Tata AIG provides marine insurance plans, including marine cargo insurance, designed to protect the customer’s goods. Its features and benefits include customisable coverage, prompt claim settlement, international coverage, etc.

So, make sure you understand the principles and key features of marine insurance before choosing the right plan for your specific needs.


What is the Marine Insurance Act of 1963?

The Marine Insurance Act was introduced in India on August 1, 1963. It aims to regulate marine insurance activities and defines the obligations and rights of parties involved, such as insurers, insured and brokers.

What is marine insurance?

Marine insurance is an insurance policy designed to cover various maritime transport perils such as loss or damage to cargo, ship or vessel. The Marine Insurance Act of 1963 governs marine insurance in India, which is broadly categorised into cargo insurance and hull insurance. Marine insurance in India may cover risks like fire, theft, bad weather, piracy, collision, natural disasters, etc.

Why is marine insurance important?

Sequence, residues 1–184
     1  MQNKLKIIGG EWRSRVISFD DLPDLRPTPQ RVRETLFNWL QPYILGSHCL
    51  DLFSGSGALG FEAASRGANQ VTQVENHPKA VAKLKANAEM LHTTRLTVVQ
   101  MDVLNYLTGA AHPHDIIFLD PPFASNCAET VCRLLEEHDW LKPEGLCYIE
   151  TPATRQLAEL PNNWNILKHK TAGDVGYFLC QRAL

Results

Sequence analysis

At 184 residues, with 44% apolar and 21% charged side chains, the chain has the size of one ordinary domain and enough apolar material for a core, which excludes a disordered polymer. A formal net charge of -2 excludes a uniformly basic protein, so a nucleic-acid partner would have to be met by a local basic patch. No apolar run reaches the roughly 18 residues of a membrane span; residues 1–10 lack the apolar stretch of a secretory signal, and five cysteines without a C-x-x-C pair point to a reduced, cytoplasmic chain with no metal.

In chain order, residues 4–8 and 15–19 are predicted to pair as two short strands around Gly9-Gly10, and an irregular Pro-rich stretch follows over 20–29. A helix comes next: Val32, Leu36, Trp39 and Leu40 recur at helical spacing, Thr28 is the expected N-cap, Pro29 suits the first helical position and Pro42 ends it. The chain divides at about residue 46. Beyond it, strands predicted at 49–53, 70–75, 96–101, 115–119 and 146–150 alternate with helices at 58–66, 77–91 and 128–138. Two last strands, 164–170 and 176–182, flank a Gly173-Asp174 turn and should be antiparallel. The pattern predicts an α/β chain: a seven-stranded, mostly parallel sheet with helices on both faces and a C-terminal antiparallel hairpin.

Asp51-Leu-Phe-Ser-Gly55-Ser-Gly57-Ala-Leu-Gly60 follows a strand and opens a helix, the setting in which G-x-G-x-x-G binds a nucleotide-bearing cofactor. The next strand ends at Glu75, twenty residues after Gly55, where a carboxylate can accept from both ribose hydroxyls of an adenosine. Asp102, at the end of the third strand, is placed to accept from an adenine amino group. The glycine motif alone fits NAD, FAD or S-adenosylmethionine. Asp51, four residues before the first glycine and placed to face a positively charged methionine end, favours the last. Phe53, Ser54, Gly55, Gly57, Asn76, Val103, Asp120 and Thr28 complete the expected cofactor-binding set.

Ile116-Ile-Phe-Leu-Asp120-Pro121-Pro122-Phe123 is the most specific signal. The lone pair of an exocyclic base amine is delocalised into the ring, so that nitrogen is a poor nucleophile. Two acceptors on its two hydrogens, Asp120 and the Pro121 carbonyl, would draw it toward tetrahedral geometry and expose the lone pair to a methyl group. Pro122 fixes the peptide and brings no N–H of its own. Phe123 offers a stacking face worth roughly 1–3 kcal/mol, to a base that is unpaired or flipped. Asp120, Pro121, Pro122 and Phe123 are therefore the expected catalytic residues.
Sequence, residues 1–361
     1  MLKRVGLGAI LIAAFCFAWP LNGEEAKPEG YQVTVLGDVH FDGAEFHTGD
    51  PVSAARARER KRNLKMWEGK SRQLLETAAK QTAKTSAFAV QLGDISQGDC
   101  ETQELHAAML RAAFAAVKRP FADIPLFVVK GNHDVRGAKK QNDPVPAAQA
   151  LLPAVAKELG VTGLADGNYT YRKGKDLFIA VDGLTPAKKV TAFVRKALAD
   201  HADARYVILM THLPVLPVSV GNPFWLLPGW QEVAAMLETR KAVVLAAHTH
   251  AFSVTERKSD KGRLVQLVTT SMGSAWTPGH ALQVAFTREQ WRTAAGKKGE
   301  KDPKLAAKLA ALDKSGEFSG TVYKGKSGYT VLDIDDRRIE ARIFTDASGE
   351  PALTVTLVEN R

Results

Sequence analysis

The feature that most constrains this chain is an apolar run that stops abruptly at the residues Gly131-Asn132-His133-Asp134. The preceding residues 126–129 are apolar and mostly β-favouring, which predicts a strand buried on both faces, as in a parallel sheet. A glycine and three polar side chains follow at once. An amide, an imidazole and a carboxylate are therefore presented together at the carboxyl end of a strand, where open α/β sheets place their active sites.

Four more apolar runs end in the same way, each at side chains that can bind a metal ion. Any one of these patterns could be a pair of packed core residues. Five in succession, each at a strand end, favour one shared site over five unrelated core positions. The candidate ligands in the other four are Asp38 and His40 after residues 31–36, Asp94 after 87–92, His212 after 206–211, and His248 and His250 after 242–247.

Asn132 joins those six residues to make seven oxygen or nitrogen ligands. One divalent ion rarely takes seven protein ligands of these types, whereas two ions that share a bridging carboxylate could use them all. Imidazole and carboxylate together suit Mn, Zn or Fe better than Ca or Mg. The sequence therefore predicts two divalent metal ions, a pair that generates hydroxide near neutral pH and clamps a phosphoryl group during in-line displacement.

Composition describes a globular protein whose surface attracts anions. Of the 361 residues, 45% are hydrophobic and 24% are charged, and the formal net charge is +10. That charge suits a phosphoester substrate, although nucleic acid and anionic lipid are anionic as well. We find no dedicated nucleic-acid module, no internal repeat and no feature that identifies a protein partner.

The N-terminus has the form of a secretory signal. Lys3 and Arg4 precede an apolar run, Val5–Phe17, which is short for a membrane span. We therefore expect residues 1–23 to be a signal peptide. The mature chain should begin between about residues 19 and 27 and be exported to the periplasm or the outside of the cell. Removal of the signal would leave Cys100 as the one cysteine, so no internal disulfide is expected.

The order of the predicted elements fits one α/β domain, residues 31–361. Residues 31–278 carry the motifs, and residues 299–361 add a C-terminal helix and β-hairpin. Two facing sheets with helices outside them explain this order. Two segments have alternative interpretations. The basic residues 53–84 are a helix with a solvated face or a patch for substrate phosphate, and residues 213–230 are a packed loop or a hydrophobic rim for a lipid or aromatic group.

Marine insurance is a crucial aspect of the domestic and international trade and shipping industry. The importance of marine insurance includes the following reasons:

Security against financial loss

Compliance with the law

Risk management

Encourages investment

Facilitates international trade

Offers competitive advantage

What are the eligibility criteria for buying marine insurance?

Marine insurance can be purchased by any business engaged in the transportation of goods by sea. This can be manufacturers, import/export merchants, buyers, sellers, banks, contractors, and buying agents.

What are the characteristics of marine insurance contracts?

Marine insurance has the following characteristics:

  • Proposal and acceptance

  • Payment of premium

  • Contract of indemnity

  • Insurable interest

  • Principle of subrogation

  • Utmost good faith

  • Principle of contribution

Disclaimer / TnC

Your policy is subjected to terms and conditions & inclusions and exclusions mentioned in your policy wording. Please go through the documents carefully.